A common function of games is to provide a means of overcoming social restrictions, at least in fantasy. Many games place the player in a role that would not be socially acceptable in real life, such as a pirate or a thief. An excellent (albeit extreme) example of this is the game CRUSH, CRUMBLE, AND CHOMP by Automated Simulations. In this game the player is cast as a 1950ís-vintage monster going on a rampage through his favorite city. He stomps on police cars, crushes buildings, swats helicopters, and creates general mayhem. The box art shows a monster about to attack an IRS building as terrified citizens flee. This represents an extreme case of anti-social behavior made acceptable by the safety of the game.
Sometimes the playerís role is itself socially acceptable, but the actions taken are discouraged in real life. MONOPOLY encourages players to engage in what the Federal Trade Commission delicately calls "predatory trade practices." Wargames encourage players to start and win wars. Some games address sexual matters, allowing players to indulge in make-believe behavior that they could never exhibit in the real world.
The most telling example of this nose-thumbing phenomenon lies in the arcade games. These games emphasize violence, and lots of it. The theme is almost universal in arcades: destroy somebody. The coup de grace is not delivered discreetly or elegantly. On the contrary, the victim is dispatched with the most colorful animated explosion possible. Like a Sam Peckinpah movie, the violence is the whole point and purpose of the enterprise. Yet, even as we pander to these distasteful emotions, we delicately mask them in less offensive garb. We never, never obliterate human beings; instead, we vaporize ugly space monsters. The monsters have perpetrated some odious interstellar crime, so the player is cast as the defender, the protector, or the avenger. The case is often presented that the game represents a time of extreme crisis ("THE FATE OF HUMANITY IS AT STAKE!!!"). This heightens the playerís sense of urgency; it also conveniently justifies the use of extreme violence, thereby allowing the player to have violence without guilt. The player can thumb his nose at social strictures and engage in violence and mass murder without risking censure. The game provides a safe way to thumb oneís nose. Top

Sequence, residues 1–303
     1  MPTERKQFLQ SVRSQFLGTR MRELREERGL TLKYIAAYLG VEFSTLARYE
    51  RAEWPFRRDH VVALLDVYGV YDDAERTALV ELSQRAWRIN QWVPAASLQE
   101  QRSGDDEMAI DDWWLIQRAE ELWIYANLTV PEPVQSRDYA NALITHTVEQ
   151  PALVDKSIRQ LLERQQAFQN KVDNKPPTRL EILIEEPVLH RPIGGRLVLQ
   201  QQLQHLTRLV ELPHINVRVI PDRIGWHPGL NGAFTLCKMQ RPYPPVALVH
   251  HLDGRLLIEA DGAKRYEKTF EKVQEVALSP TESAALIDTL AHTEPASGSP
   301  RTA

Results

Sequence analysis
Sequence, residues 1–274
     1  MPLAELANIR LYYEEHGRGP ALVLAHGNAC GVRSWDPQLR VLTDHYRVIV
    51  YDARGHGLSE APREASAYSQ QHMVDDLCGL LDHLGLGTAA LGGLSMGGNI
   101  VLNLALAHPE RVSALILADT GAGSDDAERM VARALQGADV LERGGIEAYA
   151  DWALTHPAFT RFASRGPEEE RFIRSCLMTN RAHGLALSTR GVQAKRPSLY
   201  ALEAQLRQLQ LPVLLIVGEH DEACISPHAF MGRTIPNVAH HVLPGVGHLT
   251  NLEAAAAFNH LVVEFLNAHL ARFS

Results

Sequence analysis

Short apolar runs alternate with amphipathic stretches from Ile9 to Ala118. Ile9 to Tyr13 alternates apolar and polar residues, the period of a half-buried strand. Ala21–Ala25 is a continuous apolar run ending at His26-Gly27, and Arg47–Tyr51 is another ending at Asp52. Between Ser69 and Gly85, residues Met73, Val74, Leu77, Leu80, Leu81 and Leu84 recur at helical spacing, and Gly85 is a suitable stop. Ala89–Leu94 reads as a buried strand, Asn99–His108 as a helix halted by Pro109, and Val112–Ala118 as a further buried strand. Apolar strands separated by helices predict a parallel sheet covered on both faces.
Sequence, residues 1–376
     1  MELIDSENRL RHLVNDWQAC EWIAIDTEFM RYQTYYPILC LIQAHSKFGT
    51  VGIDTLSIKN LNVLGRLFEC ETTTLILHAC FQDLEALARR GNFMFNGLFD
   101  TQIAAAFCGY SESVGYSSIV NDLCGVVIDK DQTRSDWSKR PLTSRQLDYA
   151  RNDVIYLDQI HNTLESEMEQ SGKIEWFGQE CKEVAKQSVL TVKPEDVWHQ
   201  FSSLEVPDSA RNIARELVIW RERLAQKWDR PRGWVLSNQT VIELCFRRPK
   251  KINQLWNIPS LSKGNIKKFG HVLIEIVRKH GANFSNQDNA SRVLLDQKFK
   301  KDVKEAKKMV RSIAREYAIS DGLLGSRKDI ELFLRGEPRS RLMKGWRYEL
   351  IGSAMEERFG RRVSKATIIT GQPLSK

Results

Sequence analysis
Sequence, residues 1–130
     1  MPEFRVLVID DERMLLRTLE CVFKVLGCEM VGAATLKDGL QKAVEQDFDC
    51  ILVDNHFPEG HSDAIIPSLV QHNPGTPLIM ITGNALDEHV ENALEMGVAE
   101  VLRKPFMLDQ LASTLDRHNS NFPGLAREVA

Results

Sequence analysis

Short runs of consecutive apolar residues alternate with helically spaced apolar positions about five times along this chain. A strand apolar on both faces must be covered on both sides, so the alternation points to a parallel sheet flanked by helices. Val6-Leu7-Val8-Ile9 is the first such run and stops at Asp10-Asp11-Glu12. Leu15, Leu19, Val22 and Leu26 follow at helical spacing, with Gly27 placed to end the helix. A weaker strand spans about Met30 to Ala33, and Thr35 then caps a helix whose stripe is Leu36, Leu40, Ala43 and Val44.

Another function of games is as a means of demonstrating prowess. All games support this motivation to a greater or lesser degree. Many game-playing communities sponsor tournaments or player ratings. Arcade games support this function by recording and displaying the initials of the top-scoring players. There are also players who carry this to extremes. Their prime goal is not merely to win, but to beat somebody, preferably somebody worth beating. Chess has an unusually high concentration of such sharks; so do wargames. A common question asked during a wargame is "Are you playing for blood or for fun?" Such players normally prefer games that allow their skill to be properly brought to bear, so they tend towards games in which chance plays a minimal role.
Despite this concentration of such players in deductive logic games, almost all games have sharks preying on the playful players. When a shark plays for serious rewards (e.g., social dominance) and -takes serious risks of failure, the crucial element of safety is eliminated from the game, and the game ceases to be a game; it becomes a conflict.
Inasmuch as all games have the potential for being played in an overly competitive way, some people who are especially sensitive to the social risks of game-as-conflict refuse to play games, for they do not perceive the games to be safe. If they do play, they prefer to play games of pure chance, not so much to disable or discourage the shark as to create a situation in which winning is patently unrelated to prowess. If winning is arbitrary, social risk is eliminated and safety is restored.